To get your seeds off to a good start you will need a few things –

Pots/seed trays – I am currently using egg boxes but you can use old yoghurt pots, margarine tubs and the like.

Good seeds – its worth looking for good seeds. There are lots of different varieties of different vegetables that have different qualities so have a good think about what variety would best suit your needs – www.seedsdirect.com have an amazing range of seeds to choose from and use very little packaging.

A sunny/warm windowsill – some seeds need light to germinate others don’t but they all need to be warm.

A little patience – germination varies between different plants so some will break through before others, hold out for a while before giving up on them.

Seedlings

In the house I have been sewing the first seeds of the year, here’s what I’m planning on growing…

Globe artichokes

I intend to try a bit of architectural vegetable growing with globe artichokes at the back with their large white-green leaves and tall flower stems and beautiful thistle like flowers (if they don’t get eaten) in front of these Rhubarb plants with a stark colour contrast of ruby pink stems and huge green elephant ear leaves at the front of the bed a mass of different mint plants which, in time, will infiltrate the entire bed.

Mini Gem lettuce

These are being grown as a bit of a filler while the space is there and also like the kale as a distraction for the chickens. Once grown to maturity I will pot them on and pop them into the run for the chucks to peck at and play with.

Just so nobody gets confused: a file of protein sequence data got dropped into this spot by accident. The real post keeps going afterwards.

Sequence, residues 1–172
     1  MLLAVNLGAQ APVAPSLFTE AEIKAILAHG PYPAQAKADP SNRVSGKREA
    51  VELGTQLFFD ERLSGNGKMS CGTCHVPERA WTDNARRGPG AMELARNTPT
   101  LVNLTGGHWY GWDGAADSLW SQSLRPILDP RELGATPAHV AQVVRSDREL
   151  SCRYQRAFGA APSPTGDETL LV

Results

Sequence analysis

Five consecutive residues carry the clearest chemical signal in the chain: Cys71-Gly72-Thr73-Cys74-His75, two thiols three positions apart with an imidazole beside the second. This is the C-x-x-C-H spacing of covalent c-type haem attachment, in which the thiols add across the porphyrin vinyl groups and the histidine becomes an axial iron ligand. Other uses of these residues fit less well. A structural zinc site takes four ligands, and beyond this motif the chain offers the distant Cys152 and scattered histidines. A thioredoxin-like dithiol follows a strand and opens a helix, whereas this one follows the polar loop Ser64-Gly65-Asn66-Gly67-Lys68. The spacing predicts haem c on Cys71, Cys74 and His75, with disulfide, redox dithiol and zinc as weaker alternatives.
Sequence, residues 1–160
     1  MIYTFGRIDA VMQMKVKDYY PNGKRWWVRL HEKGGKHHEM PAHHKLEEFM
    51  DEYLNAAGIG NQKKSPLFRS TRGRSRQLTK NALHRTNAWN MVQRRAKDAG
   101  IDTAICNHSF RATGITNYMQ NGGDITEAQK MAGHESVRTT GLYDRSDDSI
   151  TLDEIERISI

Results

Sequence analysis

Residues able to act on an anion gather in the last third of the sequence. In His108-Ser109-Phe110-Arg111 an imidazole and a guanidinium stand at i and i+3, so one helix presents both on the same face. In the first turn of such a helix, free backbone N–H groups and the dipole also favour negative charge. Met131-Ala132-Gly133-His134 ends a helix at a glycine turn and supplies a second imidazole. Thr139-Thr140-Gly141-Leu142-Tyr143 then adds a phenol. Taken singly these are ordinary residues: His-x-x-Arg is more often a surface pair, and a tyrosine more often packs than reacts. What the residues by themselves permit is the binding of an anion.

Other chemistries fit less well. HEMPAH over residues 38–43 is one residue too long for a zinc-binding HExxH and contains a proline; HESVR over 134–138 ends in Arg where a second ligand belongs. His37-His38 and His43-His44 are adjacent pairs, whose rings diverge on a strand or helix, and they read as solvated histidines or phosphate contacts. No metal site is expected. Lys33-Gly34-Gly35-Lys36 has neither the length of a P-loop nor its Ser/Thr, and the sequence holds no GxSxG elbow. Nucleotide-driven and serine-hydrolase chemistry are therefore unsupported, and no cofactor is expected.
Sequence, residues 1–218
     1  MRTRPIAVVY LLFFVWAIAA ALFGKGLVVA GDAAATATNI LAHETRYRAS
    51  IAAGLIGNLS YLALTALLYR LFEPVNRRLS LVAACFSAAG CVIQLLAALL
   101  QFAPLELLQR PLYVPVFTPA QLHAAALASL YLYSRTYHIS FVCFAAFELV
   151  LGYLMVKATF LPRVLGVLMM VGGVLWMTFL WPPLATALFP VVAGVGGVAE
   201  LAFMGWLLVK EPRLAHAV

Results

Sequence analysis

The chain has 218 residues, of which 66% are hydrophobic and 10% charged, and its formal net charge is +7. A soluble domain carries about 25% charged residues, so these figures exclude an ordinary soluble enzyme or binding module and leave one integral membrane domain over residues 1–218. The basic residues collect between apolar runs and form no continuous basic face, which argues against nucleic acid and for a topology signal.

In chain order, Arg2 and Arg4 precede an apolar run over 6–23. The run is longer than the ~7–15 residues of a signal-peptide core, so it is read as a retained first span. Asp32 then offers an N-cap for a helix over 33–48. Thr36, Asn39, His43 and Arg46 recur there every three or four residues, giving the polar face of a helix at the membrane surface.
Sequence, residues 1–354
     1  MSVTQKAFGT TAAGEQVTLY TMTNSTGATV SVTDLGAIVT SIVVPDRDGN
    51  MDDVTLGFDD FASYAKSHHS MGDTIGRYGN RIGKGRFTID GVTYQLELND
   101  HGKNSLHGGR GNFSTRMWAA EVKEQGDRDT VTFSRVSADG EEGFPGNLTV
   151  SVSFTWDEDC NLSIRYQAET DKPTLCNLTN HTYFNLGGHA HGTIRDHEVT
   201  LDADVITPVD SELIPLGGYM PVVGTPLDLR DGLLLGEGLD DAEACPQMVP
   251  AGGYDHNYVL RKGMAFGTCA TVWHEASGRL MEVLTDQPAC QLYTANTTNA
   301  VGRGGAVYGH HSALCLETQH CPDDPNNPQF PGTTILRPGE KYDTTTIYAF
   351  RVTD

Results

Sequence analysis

Yellow courgette

A summer flavour I can’t live without is Courgettes pan fried with garlic. Courgettes are great ground cover between veggies in your patch, they need nurturing indoors or under glass until they are grown up enough to withstand some slug and snail attacks. I may try starting them in pots protected with copper tape which the slimy baddies can’t slide over.  Staggering the sewing of these seeds will help ensure your plants crop for longer.

Nasturtium

A stunning edible plant with a fiery peppery flavour. The flowers and leaves are edible and the seed pods make great home-made caper replacement. They are easy to grow but beware – they self-seed very efficiently and will come back next year, they also take a lot of space so I favour a trailing plant that I can grow down my raised walls.

Seeds are great and lots of fun if you have the time and space but this year, I’m going to be looking at plug plants as well. I don’t have very much window sill space as they are full of house plants! www.rocketgardens.co.uk have a wide selection of 100% organic plant plugs and also have created garden plans for you to help make planning easier. I’ve decided to choose my own and this year I have ordered –

Jerusalem Artichoke

I have always wanted to grow these. They are delicious, think nutty potatoes. But they are also quite invasive. I haven’t worked out where they will go yet so watch this space.

Rainbow Chard

A beautiful addition to the plot! And yummy, I’m holding back on planting spinach to give these guys a go. Purley for looks as it’s hard to beat a row of perpetual spinach which just keeps on giving.

Cherry Tomatoes – Tiny Tim

Another new project for this year. Tomatoes in hanging baskets! Let’s see how it goes. A great solution for homes with limited garden space.

Runner Beans

I know, I know. Runners are the easiest plants to grow from seed but I don’t have much windowsill space and the slugs and snails make light work of baby beans so lazy bean buying it is for me this year as I need lots to be able to recreate Mrs Malley’s runner bean chutney. Keep ‘em peeled for the recipe in a future blog!

Tomatoes – Gardeners Delight

As with the runners this is just an easy option for me. Also, if you don’t nurture healthy tomato plants, they will grow to be weak adults. Much easier to get them in adolescence and take it from there! There is nothing quite like homegrown tomatoes, I love them! There is a fantastic Tomato & Pomegranate Salad recipe in the Fast Vegan cook book on page 156.